• Many pre-made GRE vocab decks are old or low quality.
  • Stellar Speller is a completely irrelevant game that requires you to spell vocab words based on given definitions. This kind of game doesn’t really teach you anything worthwhile, as you’re not required to spell vocab words on the GRE.



On these kinds of websites, I recommend making your own GRE vocab deck. This way you can customize how many words, as well as which words, you want to learn. If you’d rather opt for a pre-made list of words, decks based on well-known prep companies are generally a safe bet.

Once you have a deck, use the flashcard feature to begin learning the words. Finally, challenge yourself with the Jewels of Wisdom game. You’ll know you’re getting the hang of your words once you’re consistently beating your high scores on the game.


Compete against yourself, but still leave everyone else in the dust.



Similar to Cram, Quizlet allows users to submit, study, and share content in the form of flashcards and games. In terms of the GRE, this website is an excellent option for learning vocab.



  • Like Cram, you can either create your own GRE vocab lists or work with a pre-made deck.
  • There’s a fun game called Match in which you drag vocab words to their corresponding definitions. The faster you complete the game, the higher up on the leaderboard you’ll move.



  • There are several sparse or low-quality decks.
  • Words and definitions often overlap in Match, making it difficult to drag the objects and make matches quickly.
  • A slightly more interactive and colorful game called Gravity is available, but its mechanics do little to help you memorize vocab efficiently. To do well on the game, you need to memorize exact definitions of vocab words, but such a structure bears little resemblance to the GRE.


How to Use This Resource

It’s best to create your own GRE vocab deck so you can customize your content to your liking. But if you’d rather use a pre-made vocab list, I suggest searching for GRE vocab decks based on well-known GRE prep companies, such as Kaplan or The Princeton Review.

To study, use the flashcard feature to familiarize yourself with the words before moving on to Match.




The Best Free Resources for GRE Content Review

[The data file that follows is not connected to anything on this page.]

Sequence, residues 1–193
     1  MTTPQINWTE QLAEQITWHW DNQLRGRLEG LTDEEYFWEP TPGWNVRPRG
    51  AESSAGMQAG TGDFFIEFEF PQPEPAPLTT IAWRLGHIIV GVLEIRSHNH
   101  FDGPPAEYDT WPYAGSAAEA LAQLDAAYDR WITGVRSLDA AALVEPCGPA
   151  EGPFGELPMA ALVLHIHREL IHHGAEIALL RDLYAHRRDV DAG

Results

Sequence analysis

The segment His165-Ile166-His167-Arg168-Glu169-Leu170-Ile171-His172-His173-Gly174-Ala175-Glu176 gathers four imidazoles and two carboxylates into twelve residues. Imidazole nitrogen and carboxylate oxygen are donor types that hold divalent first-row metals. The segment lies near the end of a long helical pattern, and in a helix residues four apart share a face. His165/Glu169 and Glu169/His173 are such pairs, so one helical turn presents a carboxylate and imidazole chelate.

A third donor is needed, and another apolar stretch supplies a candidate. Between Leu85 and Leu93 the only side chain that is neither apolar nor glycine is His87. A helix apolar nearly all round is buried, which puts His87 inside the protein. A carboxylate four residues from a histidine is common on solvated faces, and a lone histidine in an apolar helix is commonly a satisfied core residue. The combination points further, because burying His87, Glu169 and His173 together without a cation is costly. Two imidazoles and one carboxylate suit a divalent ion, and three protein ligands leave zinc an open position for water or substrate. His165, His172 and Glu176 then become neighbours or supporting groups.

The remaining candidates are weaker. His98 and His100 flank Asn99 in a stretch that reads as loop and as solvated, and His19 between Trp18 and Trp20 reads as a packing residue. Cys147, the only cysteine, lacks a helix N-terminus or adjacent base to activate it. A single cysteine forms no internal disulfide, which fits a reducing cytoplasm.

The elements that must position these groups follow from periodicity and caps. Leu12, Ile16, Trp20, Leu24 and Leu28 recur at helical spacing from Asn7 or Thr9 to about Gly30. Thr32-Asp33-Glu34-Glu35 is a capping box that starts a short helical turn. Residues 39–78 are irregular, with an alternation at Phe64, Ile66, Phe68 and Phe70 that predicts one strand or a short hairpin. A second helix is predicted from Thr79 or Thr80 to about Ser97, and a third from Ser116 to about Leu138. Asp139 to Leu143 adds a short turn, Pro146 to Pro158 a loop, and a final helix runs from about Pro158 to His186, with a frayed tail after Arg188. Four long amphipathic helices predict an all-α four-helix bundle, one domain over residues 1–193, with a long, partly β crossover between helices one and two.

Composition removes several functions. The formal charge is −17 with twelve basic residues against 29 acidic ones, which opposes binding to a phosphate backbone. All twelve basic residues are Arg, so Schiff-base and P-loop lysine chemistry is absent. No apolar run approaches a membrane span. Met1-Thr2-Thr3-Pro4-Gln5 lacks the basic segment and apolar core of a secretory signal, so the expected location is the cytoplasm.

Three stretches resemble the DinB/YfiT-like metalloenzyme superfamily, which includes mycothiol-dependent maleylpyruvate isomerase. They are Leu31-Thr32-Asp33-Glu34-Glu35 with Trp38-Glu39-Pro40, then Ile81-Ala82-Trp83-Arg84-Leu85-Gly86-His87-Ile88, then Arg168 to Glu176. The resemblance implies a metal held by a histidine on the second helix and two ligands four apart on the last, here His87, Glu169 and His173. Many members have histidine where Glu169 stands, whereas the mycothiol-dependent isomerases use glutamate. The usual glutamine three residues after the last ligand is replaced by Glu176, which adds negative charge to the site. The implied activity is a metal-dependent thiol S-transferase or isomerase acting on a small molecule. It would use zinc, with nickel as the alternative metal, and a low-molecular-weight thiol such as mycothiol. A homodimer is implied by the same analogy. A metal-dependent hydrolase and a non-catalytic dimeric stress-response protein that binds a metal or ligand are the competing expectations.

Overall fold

Lastly, we introduce to you our picks for the best free GRE content review to help you brush up on those pesky math, reading, and wiritng skills that you haven’t used in a while.


Argument Essay Topics and Issue Essay Topics

These two pools cover every single one of the official “Analyze an Argument” and “Analyze an Issue” essay topics eligible for the Analytical Writing measure of the GRE. In other words, both of your test-day Analytical Writing prompts will come from these pools, guaranteed!



  • These essay pools contain all of the actual Analytical Writing prompts (word for word!) you can encounter on the GRE (though you’ll only get one of each on test day).



  • There are so many potential essay topics that it’s impractical to try to write essays for each one.


How to Use This Resource

Don’t bother writing mock essays for every single possible prompt there are simply far too many! But do use a lot of the prompts to practice writing your outlines and to get a feel for what kinds of strategies will get you the Analytical Writing score you need.

You can also pay $20 for the ScoreItNow! Analytical Writing scoring service, which grades mock essays using the same e-rater automated scoring system the GRE uses.


You can have too many essay topics, but you can never have too many M&Ms.


ETS Mathematical Conventions PDF

A free official resource, the ETS Mathematical Conventions PDF offers definitions for and examples of all basic math conventions, symbols, and rules you’ll encounter on Quant.



  • This PDF is helpful for those who’d like a quick refresher of basic math symbols and terms, or who are unfamiliar with American math conventions.
  • It clarifies what assumptions you can and cannot make in regard to certain math concepts. For example, you may not assume that two lines are parallel unless the relationship is explicitly stated. On the other hand, you may assume that a straight-looking line is straight.



  • The document is basically just a wall of text and is somewhat difficult to read.
  • Most of the info is pretty basic. You likely covered all of these conventions in high school or earlier.


How to Use This Resource

While you don’t need to spend tons of time on this particular resource, it can give you a basic framework with which to begin your math studies. Read the PDF over before attempting any math questions so you’ll know exactly how the GRE presents certain concepts and terms. You can also use this resource for clarification on a certain math convention or symbol.


What we all wish GRE math looked like.


ETS Math Review PDF

Another official Quant-related resource, the ETS Math Review explains all of the major math concepts that can appear on the GRE. The 102-page PDF addresses all possible math topics, formulas, and concepts in Quant’s four major categories: arithmetic, algebra, geometry, and data analysis.



  • This is an official list of all possible GRE math topics, so you know for certain what type of math can appear on the GRE — as well as what type of math is certain not to appear (such as trigonometry).
  • It teaches you various math concepts you might’ve forgotten or haven’t worked with in a while by giving examples and sample questions.
  • It’s well organized and easy to skim.



  • Explanations tend to gloss over key concepts and don’t focus enough on how you should approach problems on the GRE. As a result, it’s difficult to learn all major GRE math concepts from scratch using this resource alone.